Bank of Japan chief dismisses calls to widen bonds yield band 

Haruhiko Kuroda told country’s parliament stability was key as the economy was still feeling the impact of the Covid pandemic 

by Sean OMeara
Bank of Japan chief dismisses calls to widen bonds yield band 
Haruhiko Kuroda also highlighted climate change as one of the key themes in guiding the country’s monetary policy.

Bank of Japan Governor Haruhiko Kuroda has resisted calls to loosen the reins on long-term interest rate targets, stressing the need to keep borrowing costs low to support a pandemic-ravaged economy.

The BoJ caps the 10-year bond yield at around zero under a policy dubbed yield curve control (YCC) and currently allows the benchmark yield to move 40 basis points around the target.

But the markets had been rife with speculation the BoJ could widen that band and allow yields to move higher.

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"It's something we will discuss at the [March] review. But I don't think it's necessary or appropriate to sharply widen the band," Kuroda told parliament on Friday.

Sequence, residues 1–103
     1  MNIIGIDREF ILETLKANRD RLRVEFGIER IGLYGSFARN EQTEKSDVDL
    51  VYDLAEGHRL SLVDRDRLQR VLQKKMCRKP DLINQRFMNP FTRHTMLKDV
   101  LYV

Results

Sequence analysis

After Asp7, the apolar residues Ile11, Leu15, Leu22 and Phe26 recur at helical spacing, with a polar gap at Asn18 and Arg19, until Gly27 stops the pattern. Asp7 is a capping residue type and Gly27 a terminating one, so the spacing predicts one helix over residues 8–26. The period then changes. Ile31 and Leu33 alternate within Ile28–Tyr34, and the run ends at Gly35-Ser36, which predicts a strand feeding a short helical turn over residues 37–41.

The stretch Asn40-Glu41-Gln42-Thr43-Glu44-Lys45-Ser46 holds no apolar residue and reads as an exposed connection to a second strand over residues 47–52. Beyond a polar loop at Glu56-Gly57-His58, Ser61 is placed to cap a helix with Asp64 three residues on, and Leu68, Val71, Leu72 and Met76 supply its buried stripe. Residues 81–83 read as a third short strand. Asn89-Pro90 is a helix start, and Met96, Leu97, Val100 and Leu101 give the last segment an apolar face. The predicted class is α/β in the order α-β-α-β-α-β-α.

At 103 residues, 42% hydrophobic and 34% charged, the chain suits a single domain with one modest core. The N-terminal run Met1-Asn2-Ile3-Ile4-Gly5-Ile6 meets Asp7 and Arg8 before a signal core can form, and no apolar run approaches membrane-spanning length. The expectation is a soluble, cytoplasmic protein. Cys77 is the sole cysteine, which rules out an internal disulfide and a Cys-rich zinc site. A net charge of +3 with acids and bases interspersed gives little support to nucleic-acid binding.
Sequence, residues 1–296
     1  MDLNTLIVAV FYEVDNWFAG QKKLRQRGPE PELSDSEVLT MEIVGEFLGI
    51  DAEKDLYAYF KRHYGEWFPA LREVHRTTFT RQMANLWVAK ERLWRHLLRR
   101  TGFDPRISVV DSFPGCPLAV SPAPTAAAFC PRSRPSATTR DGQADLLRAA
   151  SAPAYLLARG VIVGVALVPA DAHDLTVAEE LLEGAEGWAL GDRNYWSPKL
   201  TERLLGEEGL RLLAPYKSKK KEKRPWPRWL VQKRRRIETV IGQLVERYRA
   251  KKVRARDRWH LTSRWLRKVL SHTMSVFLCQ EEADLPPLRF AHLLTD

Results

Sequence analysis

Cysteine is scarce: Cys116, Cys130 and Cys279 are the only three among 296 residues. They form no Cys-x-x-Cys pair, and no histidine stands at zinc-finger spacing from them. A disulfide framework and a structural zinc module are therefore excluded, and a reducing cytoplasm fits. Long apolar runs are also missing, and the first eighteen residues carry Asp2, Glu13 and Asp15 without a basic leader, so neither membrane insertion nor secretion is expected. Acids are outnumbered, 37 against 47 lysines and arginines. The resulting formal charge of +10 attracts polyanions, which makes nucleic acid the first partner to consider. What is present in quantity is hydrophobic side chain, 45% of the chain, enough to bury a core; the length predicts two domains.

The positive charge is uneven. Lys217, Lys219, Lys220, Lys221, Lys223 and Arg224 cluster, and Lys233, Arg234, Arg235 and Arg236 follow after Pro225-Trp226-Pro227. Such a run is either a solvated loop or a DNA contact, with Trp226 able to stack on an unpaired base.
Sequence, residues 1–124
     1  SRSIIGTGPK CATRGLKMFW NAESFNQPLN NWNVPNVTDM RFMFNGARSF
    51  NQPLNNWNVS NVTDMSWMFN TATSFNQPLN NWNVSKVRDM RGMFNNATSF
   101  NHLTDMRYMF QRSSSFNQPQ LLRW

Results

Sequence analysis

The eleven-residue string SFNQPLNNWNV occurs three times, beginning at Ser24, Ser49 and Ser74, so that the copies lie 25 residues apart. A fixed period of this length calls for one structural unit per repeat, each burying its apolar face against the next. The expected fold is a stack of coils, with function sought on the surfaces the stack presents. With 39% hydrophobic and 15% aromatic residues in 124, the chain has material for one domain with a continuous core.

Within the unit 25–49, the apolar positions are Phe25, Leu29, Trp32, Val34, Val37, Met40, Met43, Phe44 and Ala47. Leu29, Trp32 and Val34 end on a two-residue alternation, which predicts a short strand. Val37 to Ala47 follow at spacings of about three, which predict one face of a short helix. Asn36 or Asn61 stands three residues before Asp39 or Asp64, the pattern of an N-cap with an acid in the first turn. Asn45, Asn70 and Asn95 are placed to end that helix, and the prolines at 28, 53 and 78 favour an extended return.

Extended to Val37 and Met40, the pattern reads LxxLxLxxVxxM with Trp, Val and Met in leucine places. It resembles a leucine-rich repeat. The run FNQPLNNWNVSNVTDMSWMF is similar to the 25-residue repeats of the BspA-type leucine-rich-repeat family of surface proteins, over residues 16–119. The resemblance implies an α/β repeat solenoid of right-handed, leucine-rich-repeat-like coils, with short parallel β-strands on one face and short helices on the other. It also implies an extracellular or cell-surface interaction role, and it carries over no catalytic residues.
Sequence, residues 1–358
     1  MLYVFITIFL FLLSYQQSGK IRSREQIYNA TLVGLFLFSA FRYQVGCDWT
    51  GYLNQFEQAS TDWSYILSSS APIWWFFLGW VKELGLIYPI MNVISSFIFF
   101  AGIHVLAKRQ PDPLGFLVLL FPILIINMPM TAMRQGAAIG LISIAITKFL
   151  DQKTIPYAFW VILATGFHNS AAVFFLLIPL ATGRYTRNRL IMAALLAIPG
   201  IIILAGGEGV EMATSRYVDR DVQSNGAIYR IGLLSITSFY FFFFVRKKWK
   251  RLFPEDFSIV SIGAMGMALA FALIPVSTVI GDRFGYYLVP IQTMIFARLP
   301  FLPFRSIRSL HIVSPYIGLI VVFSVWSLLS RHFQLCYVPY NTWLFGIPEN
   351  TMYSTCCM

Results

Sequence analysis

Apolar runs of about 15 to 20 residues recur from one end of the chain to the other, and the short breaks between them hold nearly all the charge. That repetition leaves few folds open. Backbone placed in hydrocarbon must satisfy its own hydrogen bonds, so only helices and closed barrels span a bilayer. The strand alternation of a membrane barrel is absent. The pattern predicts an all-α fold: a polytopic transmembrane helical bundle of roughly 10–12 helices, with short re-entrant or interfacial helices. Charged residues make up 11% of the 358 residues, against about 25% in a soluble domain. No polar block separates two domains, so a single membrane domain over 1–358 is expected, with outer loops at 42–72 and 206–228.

"We need to keep the yield curve stably low as the economy is still suffering from the Covid-19 pandemic,” he said. "I don't think we need to widen the band."

Kuroda's remarks briefly sent yields on 10-year Japanese government bonds to a nearly three-week low of 0.07%, before recovering to 0.09%.

Expectations of a strong post-pandemic recovery have pushed up global yields including those for Japan, where the 10-year yield has briefly crept near the BoJ's implicit 0.2% ceiling.

PANDEMIC UNCERTAINTY

"The roll-out of vaccines is encouraging but there's still very high uncertainty over the pandemic and its impact on the economy," Kuroda said.

Kuroda also highlighted climate change as one of the key themes in guiding the country’s monetary policy, but didn’t touch on the idea of the central bank buying green bonds.

He said there were "many issues" that needed to be cleared for the BoJ to target green bonds, such as how they would clash with the bank's principle of buying assets in a manner neutral to markets.

"Climate change is among the crucial factors affecting the economy and financial system," he said. "In that context, there are ties to the central bank's mandate."

  • Reporting by Reuters

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